In part one of this series, I explained the difference between signaling metrics and performance metrics. The former just tells us stories. The latter reports facts.
The key distinction between them is who they are serving. Signaling metrics just talk about yourself. Performance metrics point to your prospects and customers and explore how well you are connecting with both.
Now that we know how to spot vanity-driven signaling metrics, let’s look at how we can identify—and do more with—performance metrics.
Since your goal is to accelerate sales—to convert more prospects into customers and sell more to your existing customers—your performance metrics at a personal level should be looking at three activities: engagement, connection and amplification. In other words: how effective are you at reaching your audience, giving them something that matters to them, and doing so in a way that encourages them to tell others?
Social media insights
With this sharper mindset in place, take a closer look at your social media feed. It doesn’t take much effort to move past the signaling metrics of pointlessly tracking likes and follows, and instead get to what really matters to your organization and to the people you want to reach.
With Facebook and LinkedIn, for example, you should be tracking your engagement and opportunity-creation levels. Facebook provides an insights report that shows you how high your engagement rate is: identifying who among your followers is interested in speaking with you, so that you can convert them into leads for your sales team. LinkedIn provides access to insights on which of your connections have viewed and commented on your posts. How many of these are you converting to sales opportunism each month? That’s the metric that matters!
With Twitter, begin with the premise that most follows are explained by reciprocal behavior: people follow you because they want to be followed back. That doesn’t mean they care about what you have to say. Do more listening here than just broadcasting. Pay attention to your direct messages. Follow the customers and prospects that are most important to you. Use what they say to start a conversation. How often do you encourage your best followers to reach out to you directly? How often do they respond to that call to action? What gets talked about?
Personal platform insights
Your personal platform is also a gold mine of insights in support of engagement, connection and amplification.
Look at your blog posts. Knowing how many unique visits you are generating is just the first step in understanding what’s going on with your readers. Page views only tell you how many people came and left. Did they read your post? Did it resonate with them? Answer those questions by looking at shares and other engagement activities.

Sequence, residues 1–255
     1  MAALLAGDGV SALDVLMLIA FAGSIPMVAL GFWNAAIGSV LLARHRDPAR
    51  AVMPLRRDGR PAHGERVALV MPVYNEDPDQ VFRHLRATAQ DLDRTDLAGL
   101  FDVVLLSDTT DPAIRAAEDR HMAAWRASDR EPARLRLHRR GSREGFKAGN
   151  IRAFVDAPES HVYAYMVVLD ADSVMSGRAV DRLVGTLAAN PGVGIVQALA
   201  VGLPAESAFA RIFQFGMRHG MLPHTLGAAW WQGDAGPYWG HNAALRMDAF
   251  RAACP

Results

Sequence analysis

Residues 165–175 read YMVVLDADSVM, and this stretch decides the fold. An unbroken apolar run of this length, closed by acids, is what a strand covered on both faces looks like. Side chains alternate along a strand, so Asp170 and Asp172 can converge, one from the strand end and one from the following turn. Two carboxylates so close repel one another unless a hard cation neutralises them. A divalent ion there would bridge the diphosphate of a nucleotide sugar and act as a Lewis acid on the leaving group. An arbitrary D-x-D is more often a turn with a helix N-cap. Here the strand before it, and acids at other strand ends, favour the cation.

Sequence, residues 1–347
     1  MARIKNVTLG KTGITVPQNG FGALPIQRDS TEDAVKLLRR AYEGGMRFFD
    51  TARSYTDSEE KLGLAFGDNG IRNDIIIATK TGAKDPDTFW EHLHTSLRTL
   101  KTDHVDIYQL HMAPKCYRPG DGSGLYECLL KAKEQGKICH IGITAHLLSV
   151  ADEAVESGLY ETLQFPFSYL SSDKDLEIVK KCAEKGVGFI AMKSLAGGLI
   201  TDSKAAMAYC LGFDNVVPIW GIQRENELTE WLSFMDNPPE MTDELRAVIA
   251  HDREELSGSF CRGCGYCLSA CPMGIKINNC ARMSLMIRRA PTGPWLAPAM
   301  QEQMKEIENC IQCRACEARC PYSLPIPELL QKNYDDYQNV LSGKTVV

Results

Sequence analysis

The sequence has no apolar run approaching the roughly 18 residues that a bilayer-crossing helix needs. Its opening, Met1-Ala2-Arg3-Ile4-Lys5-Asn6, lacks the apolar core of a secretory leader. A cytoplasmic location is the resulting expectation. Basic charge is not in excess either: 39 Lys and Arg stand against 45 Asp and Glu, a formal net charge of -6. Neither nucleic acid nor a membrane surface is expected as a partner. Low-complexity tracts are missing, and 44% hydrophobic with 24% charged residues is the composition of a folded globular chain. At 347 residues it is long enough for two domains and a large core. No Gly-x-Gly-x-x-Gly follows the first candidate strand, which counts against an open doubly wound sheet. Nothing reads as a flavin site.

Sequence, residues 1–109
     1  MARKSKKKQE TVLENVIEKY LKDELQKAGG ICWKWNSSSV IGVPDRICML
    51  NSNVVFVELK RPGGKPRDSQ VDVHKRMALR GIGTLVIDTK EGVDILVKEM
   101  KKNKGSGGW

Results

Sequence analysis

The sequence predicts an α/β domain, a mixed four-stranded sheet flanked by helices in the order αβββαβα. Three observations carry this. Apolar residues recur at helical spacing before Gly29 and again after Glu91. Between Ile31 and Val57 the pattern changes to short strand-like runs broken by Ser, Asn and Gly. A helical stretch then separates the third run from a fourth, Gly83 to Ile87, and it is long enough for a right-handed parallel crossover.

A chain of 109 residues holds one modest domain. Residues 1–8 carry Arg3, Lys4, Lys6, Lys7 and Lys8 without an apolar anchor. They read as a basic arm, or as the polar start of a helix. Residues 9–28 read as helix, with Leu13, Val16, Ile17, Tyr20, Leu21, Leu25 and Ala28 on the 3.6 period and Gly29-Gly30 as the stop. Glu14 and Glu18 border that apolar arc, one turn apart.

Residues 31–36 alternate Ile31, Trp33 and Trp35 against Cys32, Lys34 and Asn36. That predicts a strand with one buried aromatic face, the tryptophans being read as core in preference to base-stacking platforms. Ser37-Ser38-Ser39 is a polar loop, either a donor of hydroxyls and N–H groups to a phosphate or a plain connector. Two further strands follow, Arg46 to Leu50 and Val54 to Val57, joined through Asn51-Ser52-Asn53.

Be sure to enable comments on your posts! People who leave comments and ask questions are potentially good leads. This applies even to those who leave negative comments. You can still reserve the right to moderate your comments section—weeding out rude, abusive remarks, if that’s an issue on your blog. Don’t miss an opportunity to speak to your clients and prospects. Because whether it’s positive or negative, all comments are a sign of engagement.
Your opt-in newsletter is another valuable source of performance metrics, but only if you do your homework. Don’t rely on your email open-rate alone to tell you something meaningful. Most are unreliable, because so many people now read their emails on mobile devices and tablets, and those opens often don’t get tracked. Instead, track the lead source in your email campaign, so that you can measure how many opportunities are being created each time.
Pulling it all together: your closing rate
All the performance metrics I’ve covered here are in service to accelerating your sales. The more alignment you get on your effectiveness in generating engagement, connection and amplification, the more successful you are going to be at mastering the most important performance metric of them all in sales: your closing rate. Not only is that the rate by which your sales pros are closing new deals, it also gives you an indicator that helps you determine who is pushing ahead of the team and who is lagging behind.
Both of those indicators give you a game plan for what you need to do next. For the top performers, you leverage their success. For the under performers, you develop a coaching plan to fix what’s broken.
Sales acceleration only happens when everything you do serves that goal, and you measure how well you and your team are performing to achieve that end. You fail when you chase meaningless metrics that distract you from your goal. When you’re measuring what matters, you grow.